“They’re people who just want to buy a joint once or twice a month, have a good time and relax on a Friday night — not people who are treating a medical condition or smoke every day,” Palmer said.
But in the face of higher prices, many medical patients appear to be staying home.
“The people we’re seeing are all new people,” Palmer said. “All the old people that we’ve had a relationship with for years they’re all gone. They can’t afford it.”
BDS Analytics, which tracks cannabis marketing data across California, Oregon, Washington and Colorado, conservatively projected in December that California’s pot sales would sum to $3.8 billion in 2018, a boost of 22 percent.
“Unfortunately, what we have learned since January 1 is mostly bad news,” said Tom Adams, managing director and principal analyst at cannabis market tracker BDS Analytics. “The medical patients are horrified by the cost increases and are cutting back on their flower or getting it much cheaper elsewhere.”
INTEGRATE OR ELSE?
For a small pot retailer to stay afloat in the current climate, he or she may need to cut out the middle man and grow — or at least, source directly from growers — themselves, according to Seth Smith, vice president of communications and public affairs at the Santa Cruz Veterans Alliance.
Smith speaks from experience: The Veterans Alliance grows and manufacturers about 80 percent of the products on its shelves at sites in unincorporated Santa Cruz County and Watsonville.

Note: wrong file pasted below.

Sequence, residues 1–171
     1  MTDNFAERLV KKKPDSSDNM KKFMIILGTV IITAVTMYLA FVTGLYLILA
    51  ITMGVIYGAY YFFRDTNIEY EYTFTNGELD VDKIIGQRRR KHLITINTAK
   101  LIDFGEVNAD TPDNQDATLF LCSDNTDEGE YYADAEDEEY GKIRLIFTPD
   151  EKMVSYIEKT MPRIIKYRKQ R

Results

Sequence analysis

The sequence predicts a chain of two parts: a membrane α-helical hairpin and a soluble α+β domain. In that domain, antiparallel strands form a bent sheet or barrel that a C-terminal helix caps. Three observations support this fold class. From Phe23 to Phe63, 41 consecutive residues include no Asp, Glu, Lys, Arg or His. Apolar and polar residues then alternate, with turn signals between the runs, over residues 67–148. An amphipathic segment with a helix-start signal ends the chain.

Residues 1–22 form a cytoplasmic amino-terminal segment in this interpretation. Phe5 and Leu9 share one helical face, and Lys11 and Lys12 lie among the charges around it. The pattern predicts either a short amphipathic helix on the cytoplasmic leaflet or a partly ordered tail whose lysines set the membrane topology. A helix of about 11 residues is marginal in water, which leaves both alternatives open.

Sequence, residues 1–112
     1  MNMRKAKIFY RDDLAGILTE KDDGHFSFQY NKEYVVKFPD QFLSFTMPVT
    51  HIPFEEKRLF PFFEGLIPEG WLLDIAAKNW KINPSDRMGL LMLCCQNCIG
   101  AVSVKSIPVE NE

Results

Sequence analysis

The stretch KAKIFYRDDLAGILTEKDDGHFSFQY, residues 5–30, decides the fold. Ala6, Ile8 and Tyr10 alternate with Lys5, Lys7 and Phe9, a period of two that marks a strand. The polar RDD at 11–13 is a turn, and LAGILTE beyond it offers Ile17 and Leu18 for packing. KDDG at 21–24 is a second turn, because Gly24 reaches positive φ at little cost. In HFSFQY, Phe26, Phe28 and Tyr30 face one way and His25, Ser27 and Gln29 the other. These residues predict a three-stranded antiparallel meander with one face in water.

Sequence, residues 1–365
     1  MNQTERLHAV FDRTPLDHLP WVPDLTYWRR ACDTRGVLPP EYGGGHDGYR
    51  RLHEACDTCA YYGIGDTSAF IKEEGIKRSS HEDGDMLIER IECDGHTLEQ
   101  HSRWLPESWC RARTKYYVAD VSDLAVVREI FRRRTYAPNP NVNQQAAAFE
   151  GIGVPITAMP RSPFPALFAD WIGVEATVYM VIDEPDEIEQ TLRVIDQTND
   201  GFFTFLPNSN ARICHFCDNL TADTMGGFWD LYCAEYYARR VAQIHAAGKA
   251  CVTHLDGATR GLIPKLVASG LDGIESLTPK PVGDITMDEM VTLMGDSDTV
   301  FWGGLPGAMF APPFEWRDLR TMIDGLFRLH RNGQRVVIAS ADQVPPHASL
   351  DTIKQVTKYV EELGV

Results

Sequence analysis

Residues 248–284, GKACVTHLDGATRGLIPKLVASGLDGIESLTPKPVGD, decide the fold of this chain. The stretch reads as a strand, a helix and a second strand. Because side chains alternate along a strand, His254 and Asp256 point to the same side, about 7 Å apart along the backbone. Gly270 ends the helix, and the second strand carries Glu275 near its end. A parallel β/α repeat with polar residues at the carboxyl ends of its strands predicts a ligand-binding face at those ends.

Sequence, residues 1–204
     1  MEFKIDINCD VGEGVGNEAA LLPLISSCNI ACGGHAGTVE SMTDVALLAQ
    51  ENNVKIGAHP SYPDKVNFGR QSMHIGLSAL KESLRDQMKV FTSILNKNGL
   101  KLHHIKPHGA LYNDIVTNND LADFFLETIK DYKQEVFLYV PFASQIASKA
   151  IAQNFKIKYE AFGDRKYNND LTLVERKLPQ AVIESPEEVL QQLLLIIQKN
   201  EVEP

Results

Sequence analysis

That integration allows the alliance to sell top-shelf flower for less than many of its nearby competitors, Smith said. Prices listed on WeedMaps support his claim, with the Veterans Alliance-grown flower listed for 10 percent less at the Live Oak dispensary.
“If you’re small, we don’t see how you can necessarily survive if you’re only operating in one aspect of the industry,” Smith said.
NO CRIME INCREASE, YET
Fears that legalization would lead to an increase in crime did not manifest — at least not yet, according to local law enforcement agencies.
California Highway Patrol spokeswoman Officer Trista Drake told the Sentinel that Santa Cruz County’s drug-related DUI arrests remained about average for January, despite a push for increased training and scrutiny.
CHP officers made nine DUI arrests in January in which drugs other than alcohol were a factor, according to Drake, and two arrests for possession of cannabis. Because blood results from the DUI arrests are pending, it is not yet unknown in how many cases cannabis was present. Those numbers, Drake said, are “about average,” but she emphasized that it was too early to draw conclusions based on the small amount of available data.
The Santa Cruz County Sheriff’s Office was unable to provide cannabis-related arrest numbers by press time, but spokesman Sgt. Brian Cleveland said he knew of “no indication” that citations or arrests had risen.
“What we do envision is that more people having marijuana and amounts of cash on them could create opportunities for crimes of opportunity and robberies,” Cleveland said.